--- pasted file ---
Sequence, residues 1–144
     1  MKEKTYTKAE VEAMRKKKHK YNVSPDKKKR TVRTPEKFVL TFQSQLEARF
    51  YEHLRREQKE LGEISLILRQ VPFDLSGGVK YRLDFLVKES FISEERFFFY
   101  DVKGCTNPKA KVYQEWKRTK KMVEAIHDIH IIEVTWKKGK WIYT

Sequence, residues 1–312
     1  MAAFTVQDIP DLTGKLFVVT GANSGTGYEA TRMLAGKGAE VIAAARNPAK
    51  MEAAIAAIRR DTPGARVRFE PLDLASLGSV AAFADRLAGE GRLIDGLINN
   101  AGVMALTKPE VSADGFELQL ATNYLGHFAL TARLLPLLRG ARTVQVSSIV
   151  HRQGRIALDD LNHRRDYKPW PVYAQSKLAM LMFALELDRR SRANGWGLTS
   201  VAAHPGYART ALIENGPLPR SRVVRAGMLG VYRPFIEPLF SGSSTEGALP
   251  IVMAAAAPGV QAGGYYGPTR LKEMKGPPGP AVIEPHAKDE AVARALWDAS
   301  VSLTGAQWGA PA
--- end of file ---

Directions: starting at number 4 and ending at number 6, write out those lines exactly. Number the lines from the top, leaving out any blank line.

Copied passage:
   101  DVKGCTNPKA KVYQEWKRTK KMVEAIHDIH IIEVTWKKGK WIYT

Sequence, residues 1–312
     1  MAAFTVQDIP DLTGKLFVVT GANSGTGYEA TRMLAGKGAE VIAAARNPAK